While the’ Aman ki Asha’ agenda may be hurt after the Indian Prime Minister Manmohan Singh paid us a compliment — “epicentre of terrorism” — at the UN General Assembly, artists and designers seem hell-bent on defying all boundaries and uniting on a common front. Not so long ago, entrepreneur Mini Bindra joined hands with the Pakistan Fashion Design Council (PFDC) and launched the multi-brand store PFDC Boulevard in New Delhi. However, this time around, our Indian counterparts have decided to take an initiative and bridge divides.
India’s top multi-label store Kimaya Group recently launched its prêt-a-porter subsidiary Karmik in Lahore in collaboration with Arshadsons. The store brings big names like Rohit Bal, Anamika Khanna, JJ Valaya, Neeta Lulla, Kavita Bhartia, Rina Dhaka, Ranna Gill and Rocky S over to this side of the border and offers a variety of shalwar kameez, churidaars, tunics and stitched saris.
Arshadsons is known for launching international retail brands such as Quiz and Moda in Pelle but with Karmik, the company has managed to bag a notable achievement in Indo-Pak peace movement. “We feel that Pakistan is a brand conscious market and high-quality products at reasonable prices are in great demand here. Indian designers and garments are also very popular in Pakistan,” says Aftab Arshad of Arshadsons. “However, the only source of their availability has been Dubai, so far. We spotted this gap in demand and supply and hence, have brought Karmik to Pakistan. Our main aim is to use all the best marketing practices to ensure that the brand becomes a household name in Pakistan.”
But while customers are eager to buy traditional Indian clothes, they don’t come cheap. The exchange rate between Indian and Pakistani currency is almost insignificant but imports from India have 50% custom duty on them. This means that the price becomes more than double the original. “We understand that the prices are towards the higher end. We are in talks with the government to reduce the duty on women’s garments to 25% and also negotiating the prices in India so that the product becomes more affordable,” adds Arshad.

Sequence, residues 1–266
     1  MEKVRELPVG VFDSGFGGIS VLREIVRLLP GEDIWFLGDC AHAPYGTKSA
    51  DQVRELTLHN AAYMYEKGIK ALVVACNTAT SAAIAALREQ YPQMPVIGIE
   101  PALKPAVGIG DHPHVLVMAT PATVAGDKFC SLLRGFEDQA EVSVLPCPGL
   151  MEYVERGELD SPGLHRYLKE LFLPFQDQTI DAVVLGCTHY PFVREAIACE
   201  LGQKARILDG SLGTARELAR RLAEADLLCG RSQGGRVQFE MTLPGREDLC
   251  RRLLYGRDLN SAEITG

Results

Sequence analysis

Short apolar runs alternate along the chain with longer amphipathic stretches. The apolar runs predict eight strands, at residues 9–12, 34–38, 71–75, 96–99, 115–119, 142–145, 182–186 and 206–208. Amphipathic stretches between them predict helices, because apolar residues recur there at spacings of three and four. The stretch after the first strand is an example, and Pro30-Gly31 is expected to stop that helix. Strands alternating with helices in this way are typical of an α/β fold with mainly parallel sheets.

Apart from custom rates, the growing popularity of Bollywood and celebrity culture in India has also led to inflated prices — a reason why Indian bridal wear seems out of reach even for those who are interested. Hence, a prêt wear store that offers clothes in the range of Rs5,000 to Rs35,000 obviously seems more apt in Pakistani market.
But with hundreds of local designers offering the same, it remains to be seen whether Indian designers will match local tastes. Indians focus more on embellishments and work whereas Pakistanis seem to have a higher preference for silhouettes and cuts. Previously, Five Star textile house collaborated with designer JJ Valaya for a signature lawn collection and that wasn’t as well received as collections from local designers like Sania Maskatiya. But, Arshadsons stress that Indian designers are eager to accommodate and address Pakistani tastes through Karmik. “Rohit Bal was very excited about stocking in Pakistan and has even offered to create a line specific to Pakistani tastes,” asserts Arshad.
Located in Defence, Karmik will soon be expanding into other cities throughout Pakistan. Arshadsons plan on opening six stores across Lahore, Karachi and Islamabad in the next three years.
Published in The Express Tribune, October 7th, 2013.